Colorado Parks and Wildlife officers Becca de Vergie and Lucas Clancy work to remove a cage for a tomato plant from the antlers of a mule deer buck in Durango.
DURANGO, Colo. – Antlered wildlife across Colorado are on the move during the fall months as they migrate to winter range and seek mating opportunities. During this time of year, deer, elk and moose are increasingly prone to becoming entangled in objects found around homes.
Earlier this month, Colorado Parks and Wildlife officers in Durango had to tranquilize a mule deer to safely remove a cage for a tomato plant from its antlers. The cage would swing in front of the buck’s mouth to prevent it from eating.
The same week, a wildlife officer in Woodland Park had to tranquilize a buck to get a plastic ring removed from around its hoof.
Every year, wildlife officers across Colorado respond to incidents like these when deer, elk and moose have become entangled in hammocks, volleyball nets, holiday decorations and more.
That’s why CPW asks the public to assess their homes and yards for potential tangle hazards to wildlife. People can help by putting away summer recreational equipment that is not in use and by making sure any holiday lights and decorations are wrapped tightly wherever they are strung.
“Right now is a good opportunity to clean up your yard and to remove items a curious animal might stick its nose in or get wrapped up in,” said CPW Assistant Area Wildlife Manager Steve McClung out of the Durango office. “We see animals get wrapped up in netting, landscaping materials and holiday decorations all the time, and it can impair their mobility, vision and ability to eat and drink.”
When deer and elk become entangled, the stress involved and the physical exhaustion caused by trying to break free can lead to death.
Wildlife officers can often get deer untangled if they are nearby and notified in a timely manner. In some cases, they will cut off the animal’s antlers to free it. In other instances, they can remove the object. Some cases do not require human assistance if the entanglement is not preventing the animal from eating or drinking or if there is low risk that the animal could get caught up in other items that would prevent it from being mobile. In those instances, the animal will be free of the burden when it sheds its antlers.
“We need to know about these situations quickly,” McClung said. “It’s best if we can get to these animals before they’ve undergone too much stress and have exhausted themselves. Darting them also creates stress and can lead to mortality if the animal has already been stressed too much.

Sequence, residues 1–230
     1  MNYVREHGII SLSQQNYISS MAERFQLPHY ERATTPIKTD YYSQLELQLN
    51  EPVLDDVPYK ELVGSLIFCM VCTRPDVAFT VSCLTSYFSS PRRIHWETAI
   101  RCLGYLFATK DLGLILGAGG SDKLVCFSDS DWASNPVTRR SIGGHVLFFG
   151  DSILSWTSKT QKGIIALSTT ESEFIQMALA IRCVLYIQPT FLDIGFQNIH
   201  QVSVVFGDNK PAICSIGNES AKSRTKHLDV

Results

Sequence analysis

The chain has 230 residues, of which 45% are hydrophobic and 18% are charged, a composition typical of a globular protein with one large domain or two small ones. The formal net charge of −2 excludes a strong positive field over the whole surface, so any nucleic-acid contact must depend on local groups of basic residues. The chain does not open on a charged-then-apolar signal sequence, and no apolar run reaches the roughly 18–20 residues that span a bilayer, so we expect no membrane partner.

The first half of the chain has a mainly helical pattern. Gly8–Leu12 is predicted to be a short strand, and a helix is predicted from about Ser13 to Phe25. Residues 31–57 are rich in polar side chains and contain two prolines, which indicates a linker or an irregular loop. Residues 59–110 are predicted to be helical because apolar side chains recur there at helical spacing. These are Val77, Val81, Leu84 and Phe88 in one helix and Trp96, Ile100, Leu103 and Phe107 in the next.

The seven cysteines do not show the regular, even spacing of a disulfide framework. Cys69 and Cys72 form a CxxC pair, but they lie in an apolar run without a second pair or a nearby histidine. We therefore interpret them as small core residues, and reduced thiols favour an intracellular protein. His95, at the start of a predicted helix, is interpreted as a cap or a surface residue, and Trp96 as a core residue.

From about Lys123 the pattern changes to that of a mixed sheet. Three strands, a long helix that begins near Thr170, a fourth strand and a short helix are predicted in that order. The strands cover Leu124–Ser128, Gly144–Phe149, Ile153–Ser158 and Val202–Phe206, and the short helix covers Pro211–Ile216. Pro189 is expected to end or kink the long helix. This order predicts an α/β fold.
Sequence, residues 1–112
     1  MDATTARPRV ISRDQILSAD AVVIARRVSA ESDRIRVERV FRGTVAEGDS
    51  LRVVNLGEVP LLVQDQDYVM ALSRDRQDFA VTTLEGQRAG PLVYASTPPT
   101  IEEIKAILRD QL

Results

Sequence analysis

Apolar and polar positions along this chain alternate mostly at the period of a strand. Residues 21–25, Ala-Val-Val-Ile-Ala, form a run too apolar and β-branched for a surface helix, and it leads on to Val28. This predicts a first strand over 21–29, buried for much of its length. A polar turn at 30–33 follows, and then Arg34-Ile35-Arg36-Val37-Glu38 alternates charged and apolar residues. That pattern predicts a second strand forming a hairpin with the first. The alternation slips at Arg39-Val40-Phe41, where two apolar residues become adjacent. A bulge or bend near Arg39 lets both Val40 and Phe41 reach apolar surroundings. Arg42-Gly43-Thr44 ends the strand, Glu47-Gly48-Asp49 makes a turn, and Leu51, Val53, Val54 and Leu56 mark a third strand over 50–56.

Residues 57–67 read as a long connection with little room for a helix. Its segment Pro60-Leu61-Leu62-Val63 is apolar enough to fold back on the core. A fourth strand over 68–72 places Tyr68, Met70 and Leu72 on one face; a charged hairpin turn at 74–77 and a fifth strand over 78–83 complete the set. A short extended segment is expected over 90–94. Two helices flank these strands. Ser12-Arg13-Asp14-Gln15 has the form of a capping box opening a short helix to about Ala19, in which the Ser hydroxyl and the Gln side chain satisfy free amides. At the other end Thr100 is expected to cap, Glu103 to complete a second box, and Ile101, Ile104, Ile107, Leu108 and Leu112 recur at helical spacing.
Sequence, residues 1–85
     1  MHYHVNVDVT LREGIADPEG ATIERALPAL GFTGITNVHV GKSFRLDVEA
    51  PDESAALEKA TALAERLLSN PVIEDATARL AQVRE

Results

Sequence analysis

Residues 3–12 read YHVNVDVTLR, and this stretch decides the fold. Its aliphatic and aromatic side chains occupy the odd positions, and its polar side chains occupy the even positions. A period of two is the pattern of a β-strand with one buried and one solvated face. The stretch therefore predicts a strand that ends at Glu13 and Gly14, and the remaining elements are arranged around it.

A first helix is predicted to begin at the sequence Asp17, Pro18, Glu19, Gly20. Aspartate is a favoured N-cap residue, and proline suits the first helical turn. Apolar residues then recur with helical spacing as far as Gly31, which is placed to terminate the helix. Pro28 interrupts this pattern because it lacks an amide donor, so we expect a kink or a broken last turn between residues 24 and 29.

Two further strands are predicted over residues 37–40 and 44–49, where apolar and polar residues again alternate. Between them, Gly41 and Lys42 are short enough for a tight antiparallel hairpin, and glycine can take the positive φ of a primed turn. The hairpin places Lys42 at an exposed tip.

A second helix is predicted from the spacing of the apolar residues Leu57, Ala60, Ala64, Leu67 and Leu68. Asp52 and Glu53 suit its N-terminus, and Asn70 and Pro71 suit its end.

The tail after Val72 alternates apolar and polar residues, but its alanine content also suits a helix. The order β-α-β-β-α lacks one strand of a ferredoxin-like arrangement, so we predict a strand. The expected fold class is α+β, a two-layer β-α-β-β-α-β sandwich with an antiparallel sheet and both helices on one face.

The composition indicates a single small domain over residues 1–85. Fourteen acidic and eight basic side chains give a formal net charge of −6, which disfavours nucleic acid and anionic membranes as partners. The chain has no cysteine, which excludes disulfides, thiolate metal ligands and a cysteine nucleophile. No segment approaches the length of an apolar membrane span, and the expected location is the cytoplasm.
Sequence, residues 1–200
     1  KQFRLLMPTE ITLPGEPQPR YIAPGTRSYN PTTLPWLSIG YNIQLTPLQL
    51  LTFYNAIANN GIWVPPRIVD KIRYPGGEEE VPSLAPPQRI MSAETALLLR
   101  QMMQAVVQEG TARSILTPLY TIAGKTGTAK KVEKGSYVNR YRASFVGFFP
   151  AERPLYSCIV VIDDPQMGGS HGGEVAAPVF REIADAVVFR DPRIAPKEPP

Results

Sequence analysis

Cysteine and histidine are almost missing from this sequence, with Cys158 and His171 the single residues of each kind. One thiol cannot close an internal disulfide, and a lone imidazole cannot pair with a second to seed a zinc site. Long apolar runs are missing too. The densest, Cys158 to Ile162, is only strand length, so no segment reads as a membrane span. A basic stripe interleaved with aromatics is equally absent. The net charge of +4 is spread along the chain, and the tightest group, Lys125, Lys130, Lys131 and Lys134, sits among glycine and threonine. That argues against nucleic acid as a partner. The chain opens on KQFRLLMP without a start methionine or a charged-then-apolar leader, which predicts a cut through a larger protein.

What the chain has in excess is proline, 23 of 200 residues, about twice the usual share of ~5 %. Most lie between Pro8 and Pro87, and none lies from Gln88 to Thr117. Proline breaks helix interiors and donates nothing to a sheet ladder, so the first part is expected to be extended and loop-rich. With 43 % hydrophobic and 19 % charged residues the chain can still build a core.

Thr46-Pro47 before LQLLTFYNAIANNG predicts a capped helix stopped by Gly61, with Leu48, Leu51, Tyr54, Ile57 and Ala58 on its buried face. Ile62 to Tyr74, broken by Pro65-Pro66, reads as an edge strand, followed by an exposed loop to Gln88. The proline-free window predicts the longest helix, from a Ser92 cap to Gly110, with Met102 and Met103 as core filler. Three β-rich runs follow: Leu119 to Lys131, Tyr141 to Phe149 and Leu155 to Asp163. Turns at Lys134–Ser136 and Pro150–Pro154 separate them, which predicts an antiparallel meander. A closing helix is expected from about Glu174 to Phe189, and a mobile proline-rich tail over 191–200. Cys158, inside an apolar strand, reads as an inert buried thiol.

“If the animal is not tethered to what it is tangled in, it can also be difficult to chase them through a neighborhood and get into a position to dart them, or sometimes they disappear and we never catch up to help them. The sooner we get information, the more likely we will be able to assist that animal.”
As people begin to hang holiday decorations this season, CPW recommends lights and other decorations be placed higher than six feet or attached tightly to trees and buildings. Lights that hang low or that are draped insecurely over vegetation easily get tangled in antlers.
If you see wildlife that does become entangled, wildlife officials ask you to report that directly to CPW by calling an office local to you or through Colorado State Patrol if it is outside of normal business hours. When calling CSP, they will relay your information to the on-call wildlife officer in your area.
Be prepared when calling CPW with information regarding the animal’s location and time observed, its behavior, whether it is tied to an object or still mobile and if the hazard is preventing the animal from eating, drinking or breathing.
Do not try to free wildlife from entanglements yourself and always call CPW.
The rut – or breeding season – for deer enters its peak in late-November and will last through mid-December.
During this time, bucks have a one-track mind – they want a mate. So they can become agitated if any other animal, object or person appears to be posing a challenge. Dogs are often targets and they can be badly injured by a buck’s antlers.
Deer can become aggressive toward humans, too, so stay well away from them. Attacks get reported around the state each fall.
During the rutting season, bucks will also rub their antlers on various objects to mark territory and signal their presence to other bucks. That can further increase the possibility of tangle hazards.
You can learn more about living with wildlife by visiting the CPW website.
TOP LEFT: A mule deer buck with a hammock tangled in its antlers is also caught in barbed wire fencing.
TOP RIGHT: CPW biologist Jim White works to try to free a mule deer buck tangled in several yards of netting that surrounded a tennis court.
BOTTOM: Two different mule deer bucks tangled in Halloween decorations.